New Study Finds Spanish Language Media Thriving

Suddenly it seems like every publisher and their mamá has decided to court the emerging Latino market.  Recently, The Huffington Post announced a new section, "Latino Voices," and Fox News Launched Fox News Latino.  I guess they too read the census.  It is notable that the bulk of the new non-Latino-owned mega-sites are emerging in English - an obvious evolution given that bilingual and English-dominant Hispanics are more digitally plugged in than Spanish-dominant Hispanics.   But while various new enterprises clamor for this readership online, there's also something interesting happening off-line: Spanish-language outlets are tending to do better overall than their mainstream English-language peers. 

According to a new study from the Pew Research Center, many Spanish-language outlets are growing.  Univision, the largest Spanish-language network is now performing competitively with the three major English-language broadcast networks.  According to the study: "In the 2010-2011 television season, Univision was the only major U.S. TV network to grow average primetime audience among 18-49 year olds-up 8% versus the season before. For the same demographic group, among the English-language networks, Fox lost 4%, CBS lost 8%, ABC lost 9% and NBC lost 14% over the same period."  In addition, the number of Spanish-language radio stations increased, magazines demonstrated year-over-year growth in ad spending, and while Hispanic newspapers saw a dip in their circulation, they still fared better than their English-language peers.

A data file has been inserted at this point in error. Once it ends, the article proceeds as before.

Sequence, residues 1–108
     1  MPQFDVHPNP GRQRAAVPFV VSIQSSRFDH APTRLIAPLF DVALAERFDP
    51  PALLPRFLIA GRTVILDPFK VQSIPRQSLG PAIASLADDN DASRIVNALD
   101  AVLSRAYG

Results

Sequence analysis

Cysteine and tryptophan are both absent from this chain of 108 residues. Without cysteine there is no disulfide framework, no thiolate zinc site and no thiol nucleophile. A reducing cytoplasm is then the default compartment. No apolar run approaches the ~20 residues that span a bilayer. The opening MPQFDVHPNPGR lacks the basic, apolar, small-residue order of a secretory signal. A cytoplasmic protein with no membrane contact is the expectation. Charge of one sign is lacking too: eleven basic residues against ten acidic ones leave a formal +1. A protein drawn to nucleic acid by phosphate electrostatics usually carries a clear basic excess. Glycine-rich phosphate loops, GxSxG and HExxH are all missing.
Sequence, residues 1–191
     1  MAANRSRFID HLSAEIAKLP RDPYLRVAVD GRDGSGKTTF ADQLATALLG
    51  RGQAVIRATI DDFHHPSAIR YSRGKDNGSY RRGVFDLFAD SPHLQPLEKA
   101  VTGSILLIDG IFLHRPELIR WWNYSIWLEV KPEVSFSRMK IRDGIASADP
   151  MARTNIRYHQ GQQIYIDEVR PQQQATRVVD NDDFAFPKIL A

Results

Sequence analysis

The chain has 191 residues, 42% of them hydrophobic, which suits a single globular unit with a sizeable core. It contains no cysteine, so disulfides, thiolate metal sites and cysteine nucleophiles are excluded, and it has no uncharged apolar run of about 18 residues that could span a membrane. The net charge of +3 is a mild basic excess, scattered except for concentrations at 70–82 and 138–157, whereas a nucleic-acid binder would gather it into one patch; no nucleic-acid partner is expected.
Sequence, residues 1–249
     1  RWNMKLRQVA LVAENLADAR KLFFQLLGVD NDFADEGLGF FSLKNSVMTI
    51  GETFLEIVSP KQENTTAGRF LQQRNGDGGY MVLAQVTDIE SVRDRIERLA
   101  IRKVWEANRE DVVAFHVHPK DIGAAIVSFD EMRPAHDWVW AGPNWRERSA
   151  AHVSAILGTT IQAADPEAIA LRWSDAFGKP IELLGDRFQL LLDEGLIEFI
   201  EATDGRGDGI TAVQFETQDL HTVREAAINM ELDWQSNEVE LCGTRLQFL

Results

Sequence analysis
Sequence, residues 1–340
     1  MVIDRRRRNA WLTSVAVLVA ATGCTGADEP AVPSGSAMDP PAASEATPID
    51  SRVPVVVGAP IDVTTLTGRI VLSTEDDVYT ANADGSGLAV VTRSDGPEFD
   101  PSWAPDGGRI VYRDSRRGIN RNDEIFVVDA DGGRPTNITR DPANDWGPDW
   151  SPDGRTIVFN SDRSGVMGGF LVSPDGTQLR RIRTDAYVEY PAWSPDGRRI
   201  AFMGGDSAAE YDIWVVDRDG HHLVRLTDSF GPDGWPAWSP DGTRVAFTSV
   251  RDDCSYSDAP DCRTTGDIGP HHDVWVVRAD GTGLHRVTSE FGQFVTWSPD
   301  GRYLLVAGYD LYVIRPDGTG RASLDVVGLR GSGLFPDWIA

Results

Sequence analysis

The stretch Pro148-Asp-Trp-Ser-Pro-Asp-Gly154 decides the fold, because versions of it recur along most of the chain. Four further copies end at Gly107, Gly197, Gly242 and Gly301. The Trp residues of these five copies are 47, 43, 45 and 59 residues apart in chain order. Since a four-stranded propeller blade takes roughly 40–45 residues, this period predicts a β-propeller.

The growth of Spanish-language media may surprise some.  Read one way, all signs point away from Spanish-language media: Latinos are increasingly young and American born, and a majority is bilingual.  Adios Español, hello Ingles. Right?   Not so fast.  That assumption belies the experience of most young Latinos who, regardless of their default tongue, move seamlessly between English and Spanish-dominant worlds.  Even I who grew up in an English-only home watched Sabado Gigante and rode a school bus where we only listened to La Mega 97.9 and Amor 93.1.  It should be no surprise that Latinos continue to consume Spanish-language media.

Beyond language, there are additional unique strengths of the Spanish-language press.  While local newspapers continue to shut their doors, the structure of the Spanish-language print press in local and regional clusters makes them some of the only outlets that still offer local news.   That offers Latinos a way to access their local news, and it allows businesses a way to access local Latinos.  Consider this:

Local ad revenue makes up a much larger slice of the advertising pie for Hispanic newspapers than does national ad revenue. In 2010, local ads accounted for 78% of all Hispanic newspaper ad revenue, or $554 million, according to Latino Print Network. National ad revenue accounted for 21% ($151 million); online web advertising represented only 1% of ad revenue ($7.2 million).

As more Latinos gain digital access, these numbers will shift yet again - but in which direction?  Will Spanish-language media begin to turn that offline interest into online readership?  Will they begin to expand their coverage to include English?  Will more English-language online sites decide they too need a tilde in the title?  Could it be that while the traditional "cross-over" has meant Spanish to English that some of these sites will ultimately expand to Spanish?  And most importantly, even with all the translators in the world, will any of these Jose's come lately be able to deliver for a Latino audience when their outlets are neither Latino owner nor operated?